Do write in with your comments, especially if you feel we’ve missed out on something really important that needs to be captured in a high-level scan.


Posted in Governance, Strategy, Technology | Tagged: , , , , , , , | 2 Comments »

HPA Perspective on Sustainability: FAQs – 2

Posted by Hemant Puthli on December 1, 2009

This is the second in a series of 6 posts on our perspective on sustainability, and deals with a set of questions around what we mean by ‘social relevance’, ‘environmental responsiveness’ and ‘economic viability’, and how vital it is for businesses seeking a path to prosperity to aim at these goals. (The first post in this series dealt with questions about our definition of sustainability and how it may be similar to, yet different from, other connotations associated with the term.)

You talk about ‘being socially relevant, environmentally responsive and economically viable’. What do these terms mean? How is this any different from Corporate Social Responsible (CSR) plus Green IT plus traditional profitability, all rolled into one? Isn’t it simpler to talk about concepts that are already known, using words that people already understand?

We’d love to use words that people already understand. After all, making ourselves understood is the first thing we need to do, if we are to be successful in our business goals as Trusted Advisers to our clients. Trouble is, the ideas we are talking about have not established their own vocabulary yet, and in many cases, are just slightly different from similar sounding concepts, and so we made up our own terminology as we thought-through issues around sustainability. We hope our terminology sticks! Let’s take these three terms one by one and then get to the other related questions.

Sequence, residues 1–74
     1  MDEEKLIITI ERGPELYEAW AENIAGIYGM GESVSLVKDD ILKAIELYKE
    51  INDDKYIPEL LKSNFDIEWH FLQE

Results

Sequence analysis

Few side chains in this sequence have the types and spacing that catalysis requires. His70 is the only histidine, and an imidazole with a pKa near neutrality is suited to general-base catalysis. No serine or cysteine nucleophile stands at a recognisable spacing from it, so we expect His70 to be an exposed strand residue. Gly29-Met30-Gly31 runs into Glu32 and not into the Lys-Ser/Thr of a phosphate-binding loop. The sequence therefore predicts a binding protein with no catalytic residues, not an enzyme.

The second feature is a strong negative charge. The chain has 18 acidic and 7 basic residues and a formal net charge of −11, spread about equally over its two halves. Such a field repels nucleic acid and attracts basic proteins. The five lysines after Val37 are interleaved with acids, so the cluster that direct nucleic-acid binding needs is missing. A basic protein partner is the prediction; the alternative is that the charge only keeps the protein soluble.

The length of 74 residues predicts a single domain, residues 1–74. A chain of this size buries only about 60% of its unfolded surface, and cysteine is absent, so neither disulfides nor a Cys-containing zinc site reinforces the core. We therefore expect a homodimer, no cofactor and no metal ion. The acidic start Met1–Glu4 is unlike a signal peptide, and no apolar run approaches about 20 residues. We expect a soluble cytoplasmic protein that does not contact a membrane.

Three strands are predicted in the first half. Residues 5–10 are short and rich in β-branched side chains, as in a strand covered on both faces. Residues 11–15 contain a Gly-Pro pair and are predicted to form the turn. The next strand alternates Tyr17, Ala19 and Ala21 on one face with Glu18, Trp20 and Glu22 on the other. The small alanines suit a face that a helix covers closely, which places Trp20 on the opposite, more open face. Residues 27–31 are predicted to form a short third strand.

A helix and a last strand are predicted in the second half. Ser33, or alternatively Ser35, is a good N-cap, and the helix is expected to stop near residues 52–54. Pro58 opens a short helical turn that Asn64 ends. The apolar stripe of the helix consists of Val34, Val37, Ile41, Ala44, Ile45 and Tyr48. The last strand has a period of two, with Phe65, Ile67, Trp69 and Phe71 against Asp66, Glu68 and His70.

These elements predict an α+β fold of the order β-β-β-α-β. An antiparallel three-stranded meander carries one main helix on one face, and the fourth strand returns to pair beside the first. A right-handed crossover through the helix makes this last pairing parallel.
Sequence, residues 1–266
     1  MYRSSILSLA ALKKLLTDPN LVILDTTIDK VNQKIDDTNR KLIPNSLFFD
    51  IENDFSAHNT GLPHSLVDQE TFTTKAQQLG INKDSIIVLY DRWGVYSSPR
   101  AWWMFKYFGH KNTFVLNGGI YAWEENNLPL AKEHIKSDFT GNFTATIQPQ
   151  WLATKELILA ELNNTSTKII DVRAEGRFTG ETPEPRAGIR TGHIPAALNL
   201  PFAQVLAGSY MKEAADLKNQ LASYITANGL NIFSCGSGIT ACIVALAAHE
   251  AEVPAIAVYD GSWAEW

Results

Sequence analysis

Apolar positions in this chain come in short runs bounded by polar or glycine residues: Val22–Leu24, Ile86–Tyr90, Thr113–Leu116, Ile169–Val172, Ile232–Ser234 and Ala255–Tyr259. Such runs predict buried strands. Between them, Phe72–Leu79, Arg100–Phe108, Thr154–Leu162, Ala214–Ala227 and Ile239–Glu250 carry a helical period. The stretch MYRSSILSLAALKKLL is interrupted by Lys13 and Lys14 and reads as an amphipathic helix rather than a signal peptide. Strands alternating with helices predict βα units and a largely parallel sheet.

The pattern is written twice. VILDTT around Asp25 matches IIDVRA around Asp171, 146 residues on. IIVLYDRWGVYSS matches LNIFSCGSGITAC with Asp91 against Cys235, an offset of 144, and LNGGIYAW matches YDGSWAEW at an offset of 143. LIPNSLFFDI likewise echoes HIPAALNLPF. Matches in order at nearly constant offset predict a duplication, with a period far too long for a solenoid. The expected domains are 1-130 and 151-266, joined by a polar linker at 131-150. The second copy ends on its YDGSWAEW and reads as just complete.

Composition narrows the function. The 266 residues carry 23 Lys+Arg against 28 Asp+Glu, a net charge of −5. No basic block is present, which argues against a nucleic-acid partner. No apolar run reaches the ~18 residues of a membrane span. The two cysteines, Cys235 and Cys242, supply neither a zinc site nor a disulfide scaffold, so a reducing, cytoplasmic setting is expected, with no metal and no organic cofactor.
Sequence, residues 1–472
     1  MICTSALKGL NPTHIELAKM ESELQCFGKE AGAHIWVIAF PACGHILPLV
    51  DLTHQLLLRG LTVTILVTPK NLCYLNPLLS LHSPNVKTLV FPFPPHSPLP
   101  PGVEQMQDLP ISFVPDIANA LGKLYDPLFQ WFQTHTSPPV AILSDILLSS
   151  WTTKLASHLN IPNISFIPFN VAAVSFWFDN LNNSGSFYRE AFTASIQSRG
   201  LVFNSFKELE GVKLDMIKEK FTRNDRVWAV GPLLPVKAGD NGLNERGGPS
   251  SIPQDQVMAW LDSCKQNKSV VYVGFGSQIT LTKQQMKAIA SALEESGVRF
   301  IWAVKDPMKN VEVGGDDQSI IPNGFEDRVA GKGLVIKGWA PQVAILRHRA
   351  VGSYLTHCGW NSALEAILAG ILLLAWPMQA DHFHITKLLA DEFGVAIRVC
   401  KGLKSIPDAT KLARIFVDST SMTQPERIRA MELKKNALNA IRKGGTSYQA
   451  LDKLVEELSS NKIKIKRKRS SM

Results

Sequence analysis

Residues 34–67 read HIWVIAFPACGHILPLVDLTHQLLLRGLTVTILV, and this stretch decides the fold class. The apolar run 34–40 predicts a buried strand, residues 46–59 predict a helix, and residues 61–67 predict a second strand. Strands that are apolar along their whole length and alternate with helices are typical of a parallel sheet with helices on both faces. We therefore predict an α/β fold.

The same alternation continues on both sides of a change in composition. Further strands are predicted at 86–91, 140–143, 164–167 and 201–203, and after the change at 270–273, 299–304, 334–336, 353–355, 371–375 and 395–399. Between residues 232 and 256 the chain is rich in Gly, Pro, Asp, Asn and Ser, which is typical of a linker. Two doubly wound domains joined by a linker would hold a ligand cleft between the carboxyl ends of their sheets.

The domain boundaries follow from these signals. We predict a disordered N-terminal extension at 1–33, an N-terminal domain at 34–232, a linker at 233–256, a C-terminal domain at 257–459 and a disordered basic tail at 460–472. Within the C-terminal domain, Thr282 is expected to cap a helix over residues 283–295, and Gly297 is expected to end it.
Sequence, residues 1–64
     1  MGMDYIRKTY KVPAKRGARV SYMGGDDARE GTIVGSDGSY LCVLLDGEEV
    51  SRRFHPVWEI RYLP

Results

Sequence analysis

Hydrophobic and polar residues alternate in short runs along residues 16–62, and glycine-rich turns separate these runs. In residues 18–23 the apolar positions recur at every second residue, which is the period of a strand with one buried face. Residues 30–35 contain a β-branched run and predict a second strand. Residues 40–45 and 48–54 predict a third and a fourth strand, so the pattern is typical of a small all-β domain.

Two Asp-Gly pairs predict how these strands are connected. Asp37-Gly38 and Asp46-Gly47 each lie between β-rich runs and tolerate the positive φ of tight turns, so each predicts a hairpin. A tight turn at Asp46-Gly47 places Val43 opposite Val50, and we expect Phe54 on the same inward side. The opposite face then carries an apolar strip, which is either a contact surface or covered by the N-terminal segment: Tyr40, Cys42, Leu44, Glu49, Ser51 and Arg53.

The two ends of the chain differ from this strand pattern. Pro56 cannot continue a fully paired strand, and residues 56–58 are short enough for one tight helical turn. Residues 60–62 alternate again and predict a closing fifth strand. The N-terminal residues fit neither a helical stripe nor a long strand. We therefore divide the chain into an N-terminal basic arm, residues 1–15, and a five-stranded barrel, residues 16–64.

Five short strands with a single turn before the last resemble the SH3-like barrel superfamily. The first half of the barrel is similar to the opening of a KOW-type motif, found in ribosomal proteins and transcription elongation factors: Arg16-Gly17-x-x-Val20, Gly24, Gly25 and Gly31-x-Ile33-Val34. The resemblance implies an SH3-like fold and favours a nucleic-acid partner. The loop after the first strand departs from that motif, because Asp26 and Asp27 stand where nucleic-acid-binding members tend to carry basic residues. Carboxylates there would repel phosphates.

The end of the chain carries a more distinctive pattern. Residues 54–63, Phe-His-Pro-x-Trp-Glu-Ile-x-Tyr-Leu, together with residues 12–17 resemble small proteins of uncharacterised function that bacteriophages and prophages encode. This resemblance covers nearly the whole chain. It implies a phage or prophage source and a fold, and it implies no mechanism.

First let’s set the context by mapping all stakeholder communities that make up the ecosystem of a business enterprise. We use the term stakeholder here in the same sense as the ‘Stakeholder Theory’ propounded by R. Edward Freeman in the 1980s and it is useful to clarify this because sometimes people confuse stakeholders to mean (only) shareholders. In our context, a stakeholder is any entity (could be a legal entity such as a business, a not-for-profit organization, an institution, a cooperative, or just a community or group of people) touched or impacted by the business. Increasing globalization of the creation and delivery of goods and services is adding to the diversity and complexity of the types of entities in the stakeholder ecosystem. As you can see from the diagram (below), the stakeholder ecosystem of a business enterprise has a core and a periphery, surrounded by the society in which the enterprise functions and the world at large.

Enterprise Stakeholder Ecosystem

Enterprise Stakeholder Ecosystem

Being socially relevant means constantly striving to anticipate and fulfil specific needs of all stakeholder communities in the ecosystem — including first, the customer community, followed by other stakeholders in the core ecosystem of the business: its stockholders, its alliance partners and suppliers and its employees. Being socially relevant also means constantly striving to meaningfully engage, partner with and contribute to participants in the peripheral ecosystem within which the business functions — comprising industry associations, market institutions, the media, special interest groups or collectives formed by communities that its operations involve or impact, and the various institutions that form part of the legal and regulatory framework within which the business conducts its affairs. For a large globalized business, this could represent a much wider scope in terms of size, scale, diversity and complexity.